Norman Rice obituary (1926 – 2021) – Albany, NY

Rice, Norman S. ALBANY Norman Shepard Rice, 95, a pillar of Albany’s cultural community for nearly seventy years, slipped away peacefully on October 22, 2021 in Albany. He was born in Salem, Massachusetts on August 11, 1926, the son of Bertram Upton Rice and Edith Williams Rice, and raised in nearby Marblehead. He received two degrees from Harvard University, a Bachelor of Arts in History and Fine Arts (1949) and a Master of Arts in Education (1951). After two years as a lecturer at the Harvard Graduate School of Design, Norman arrived at the Albany Institute of History & Art, where he would spend fourteen years as the inaugural curator of the collections (1953 – 1967) and the nineteen years as director of the Institute (1967 – 1986). A proud native of Essex County which has never lost its distinctive eastern Massachusetts accent, Norman completely embraced the Upper Hudson Valley, developing a deep and encyclopedic knowledge of its history, with a particular interest in its architecture and its fine and decorative arts, and a particular fascination for the men and women who have assembled large collections of cultural objects. Upon his arrival, Norman’s guide to the city was James Gwynn, an artist born and raised in Albany, who was his life partner for sixty-two years. The immaculately dressed couple were ubiquitous at conferences, celebrations, lunches, dinners, benefits and other events – especially any events at the Fort Orange Club – including those where Norman was honored or had been hired to speak. He was fluent in a wide variety of subjects, some discovered probably during two decades as an Albany City historian (1966 – 1987), and others simply the product of his boundless curiosity. Although the Albany Institute has always been his primary focus, Norman has established a holistic approach in his personal support to cultural organizations in the region. In addition to forty years of community service, he was concurrently an administrator or advisor to institutions at Hamilton College and the Munson-Williams-Proctor Arts Institute east of the Rensselaer County Historical Society, the Berkshire Museum and the Williamstown Art Conservation. Center. Most of his board attendance, however, was in Albany, including the City’s Historic Resources Commission, Saint Andrews Society, Historic Albany Foundation, Society of Architectural Historians Turpin Bannister Chapter, Albany County. Historical Association, Shaker Heritage Society, Historic Cherry Hill, Albany Public Library, Friends of the New York State Library, and Albany Rural Cemetery, where he was the longest-serving trustee on the board and was often found in the field doing visits. Norman has also been a leader in planning major local commemorations, serving on the Albany Tercentennial Commission and the Albany Medical College 50th Anniversary Committee. He enthusiastically joined the commissions formed to restore and preserve the New York State Capitol, the New York State Senate Chamber, the Executive Mansion, and the Thomas Cole House in Catskill. He has organized dozens of exhibitions for the Albany Institute, authored scholarly catalogs of Albany silverware and New York furniture, wrote journal articles, contributed to his colleagues’ publications, and donated hundreds of ‘items in the Albany Institute museum and library collections. Recognized for these and other accomplishments, Norman received an honorary Doctor of Fine Arts degree from Siena College in 1986. Reviewing his accomplishments, he was heard to say, “I don’t know how I got the job. time to do it all ”, but he did it all, and in a style all his own. Norman was predeceased by his partner, James E. Gwynn in 2015; and his brother, William Marshall Rice in 1999. He is survived by his sister-in-law, Ann Wilson Rice; nephews and nieces, William (Stephanie) Rice Jr., Peter (Nancy) Rice, Linda (Edward) Collins, Susan (Robert) McNeil and Dr James (Carol) Rice, all of Marblehead, several great-nieces and nephews, and by his many friends and colleagues whose lives, too, will never be the same without him. Everyone would like to thank Chuck Tiley for his unwavering support of Norman and Jim, as well as Sonya Barnes and the team of assistants who have cleared all obstacles in Norman’s path over the past two years. A funeral service will be held on Saturday, January 22, 2022 at 11 a.m. at All Saints Cathedral, 62 South Swan Street, Albany. Memorial contributions can be sent to the Norman Rice Memorial Fund, Albany Institute of History & Art, 125 Washington Ave., Albany, NY, 12210-2202. To leave Norman’s family a special message on their guestbook, get directions, or view other helpful services, please visit www.mcveighfuneralhome.com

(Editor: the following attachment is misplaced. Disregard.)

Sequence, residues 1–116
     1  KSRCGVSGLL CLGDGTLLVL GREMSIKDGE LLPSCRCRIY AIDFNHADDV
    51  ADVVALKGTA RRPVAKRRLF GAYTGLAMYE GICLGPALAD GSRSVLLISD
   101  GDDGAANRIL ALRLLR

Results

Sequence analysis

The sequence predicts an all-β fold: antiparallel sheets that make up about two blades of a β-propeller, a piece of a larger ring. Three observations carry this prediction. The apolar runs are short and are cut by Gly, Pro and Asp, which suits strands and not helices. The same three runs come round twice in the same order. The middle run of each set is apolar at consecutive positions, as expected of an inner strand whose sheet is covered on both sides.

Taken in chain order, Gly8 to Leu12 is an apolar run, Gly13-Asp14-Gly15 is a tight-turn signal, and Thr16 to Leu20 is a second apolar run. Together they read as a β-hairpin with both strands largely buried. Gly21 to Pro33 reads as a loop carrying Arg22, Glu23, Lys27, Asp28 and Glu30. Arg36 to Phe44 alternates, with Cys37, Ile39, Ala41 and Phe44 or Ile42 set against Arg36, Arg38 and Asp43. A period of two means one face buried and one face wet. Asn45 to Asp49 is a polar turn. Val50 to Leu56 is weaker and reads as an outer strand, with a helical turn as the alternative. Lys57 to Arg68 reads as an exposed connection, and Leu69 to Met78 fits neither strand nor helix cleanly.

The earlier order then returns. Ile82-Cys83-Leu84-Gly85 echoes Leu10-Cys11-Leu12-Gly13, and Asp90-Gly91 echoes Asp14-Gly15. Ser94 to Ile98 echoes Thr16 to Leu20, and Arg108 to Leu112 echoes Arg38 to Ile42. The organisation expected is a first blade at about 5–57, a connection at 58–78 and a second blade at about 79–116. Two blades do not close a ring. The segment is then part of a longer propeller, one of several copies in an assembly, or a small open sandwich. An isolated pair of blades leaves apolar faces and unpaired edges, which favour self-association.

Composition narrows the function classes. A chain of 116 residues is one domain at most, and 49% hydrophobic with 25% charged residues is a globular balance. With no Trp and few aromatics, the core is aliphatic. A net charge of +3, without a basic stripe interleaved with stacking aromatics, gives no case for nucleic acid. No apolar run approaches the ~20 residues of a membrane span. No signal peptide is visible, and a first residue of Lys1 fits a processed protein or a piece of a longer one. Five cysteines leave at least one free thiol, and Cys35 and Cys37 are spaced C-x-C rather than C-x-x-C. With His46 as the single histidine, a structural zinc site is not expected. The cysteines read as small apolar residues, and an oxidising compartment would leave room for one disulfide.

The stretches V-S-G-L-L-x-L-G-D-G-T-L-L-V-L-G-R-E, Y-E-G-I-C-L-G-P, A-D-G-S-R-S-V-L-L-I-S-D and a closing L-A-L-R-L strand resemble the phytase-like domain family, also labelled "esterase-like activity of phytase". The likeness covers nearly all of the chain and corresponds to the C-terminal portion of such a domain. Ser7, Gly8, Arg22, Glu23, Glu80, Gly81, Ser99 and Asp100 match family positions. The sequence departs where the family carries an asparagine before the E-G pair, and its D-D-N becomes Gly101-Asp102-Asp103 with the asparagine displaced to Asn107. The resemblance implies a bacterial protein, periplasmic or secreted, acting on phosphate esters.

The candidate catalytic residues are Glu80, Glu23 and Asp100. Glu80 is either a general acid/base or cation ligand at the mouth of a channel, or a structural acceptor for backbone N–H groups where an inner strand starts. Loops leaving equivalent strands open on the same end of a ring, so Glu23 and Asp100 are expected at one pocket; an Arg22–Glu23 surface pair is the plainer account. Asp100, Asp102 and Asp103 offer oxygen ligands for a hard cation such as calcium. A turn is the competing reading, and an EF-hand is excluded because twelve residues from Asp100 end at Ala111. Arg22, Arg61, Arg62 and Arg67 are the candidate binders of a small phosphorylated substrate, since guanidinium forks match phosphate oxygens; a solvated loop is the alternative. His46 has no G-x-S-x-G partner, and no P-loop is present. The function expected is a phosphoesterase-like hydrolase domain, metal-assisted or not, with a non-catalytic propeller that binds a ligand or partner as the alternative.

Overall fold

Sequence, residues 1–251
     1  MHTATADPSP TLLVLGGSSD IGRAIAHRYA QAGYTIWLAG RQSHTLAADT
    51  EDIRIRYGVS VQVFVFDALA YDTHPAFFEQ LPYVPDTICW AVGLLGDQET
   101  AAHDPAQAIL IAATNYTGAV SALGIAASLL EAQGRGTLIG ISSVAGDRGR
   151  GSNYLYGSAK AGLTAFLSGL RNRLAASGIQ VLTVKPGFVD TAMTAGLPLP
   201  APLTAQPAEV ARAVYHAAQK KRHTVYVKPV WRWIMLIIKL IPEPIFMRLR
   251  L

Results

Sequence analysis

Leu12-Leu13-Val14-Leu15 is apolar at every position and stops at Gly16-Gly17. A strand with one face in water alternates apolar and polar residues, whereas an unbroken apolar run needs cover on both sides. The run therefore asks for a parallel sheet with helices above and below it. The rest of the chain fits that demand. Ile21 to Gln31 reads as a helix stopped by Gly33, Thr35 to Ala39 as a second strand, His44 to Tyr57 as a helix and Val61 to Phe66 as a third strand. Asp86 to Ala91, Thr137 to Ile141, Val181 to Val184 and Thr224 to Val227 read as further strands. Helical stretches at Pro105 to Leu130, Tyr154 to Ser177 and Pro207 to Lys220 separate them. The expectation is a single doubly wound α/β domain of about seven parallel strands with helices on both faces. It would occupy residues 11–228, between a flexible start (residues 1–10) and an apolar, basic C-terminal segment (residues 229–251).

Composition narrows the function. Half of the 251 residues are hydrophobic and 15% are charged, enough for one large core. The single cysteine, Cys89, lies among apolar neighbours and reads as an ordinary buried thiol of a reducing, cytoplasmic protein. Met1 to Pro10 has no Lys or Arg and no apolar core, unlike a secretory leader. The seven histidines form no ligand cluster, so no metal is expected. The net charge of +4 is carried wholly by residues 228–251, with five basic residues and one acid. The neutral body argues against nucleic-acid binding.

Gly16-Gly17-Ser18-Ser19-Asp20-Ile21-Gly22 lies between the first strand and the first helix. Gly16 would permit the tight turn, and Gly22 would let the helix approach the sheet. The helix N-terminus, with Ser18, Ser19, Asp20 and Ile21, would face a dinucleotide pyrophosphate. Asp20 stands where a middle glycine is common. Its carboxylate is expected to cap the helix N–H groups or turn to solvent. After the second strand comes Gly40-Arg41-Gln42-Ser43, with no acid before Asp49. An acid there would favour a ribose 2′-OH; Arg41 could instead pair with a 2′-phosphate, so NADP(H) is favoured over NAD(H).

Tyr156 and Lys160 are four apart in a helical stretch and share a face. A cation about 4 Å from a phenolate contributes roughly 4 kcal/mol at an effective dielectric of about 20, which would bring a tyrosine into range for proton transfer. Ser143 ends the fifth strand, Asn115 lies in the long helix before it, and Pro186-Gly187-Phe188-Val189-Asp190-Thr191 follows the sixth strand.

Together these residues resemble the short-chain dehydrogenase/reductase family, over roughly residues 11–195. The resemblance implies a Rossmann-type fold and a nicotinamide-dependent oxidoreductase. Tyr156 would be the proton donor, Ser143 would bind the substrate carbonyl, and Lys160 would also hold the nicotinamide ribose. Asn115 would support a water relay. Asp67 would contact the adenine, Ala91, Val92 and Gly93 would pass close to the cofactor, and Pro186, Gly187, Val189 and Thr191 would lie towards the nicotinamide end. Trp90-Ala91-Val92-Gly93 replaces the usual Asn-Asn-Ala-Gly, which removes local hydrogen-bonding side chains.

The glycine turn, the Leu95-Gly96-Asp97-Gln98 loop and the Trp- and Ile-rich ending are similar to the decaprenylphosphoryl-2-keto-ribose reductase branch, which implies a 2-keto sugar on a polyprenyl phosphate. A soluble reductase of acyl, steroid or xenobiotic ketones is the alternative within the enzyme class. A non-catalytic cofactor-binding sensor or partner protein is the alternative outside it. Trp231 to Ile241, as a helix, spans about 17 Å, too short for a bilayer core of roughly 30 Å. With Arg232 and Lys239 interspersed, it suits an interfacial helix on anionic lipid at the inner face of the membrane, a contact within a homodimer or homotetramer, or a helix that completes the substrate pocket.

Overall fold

Published by Albany Times Union November 20-21, 2021.

James C. Tibbs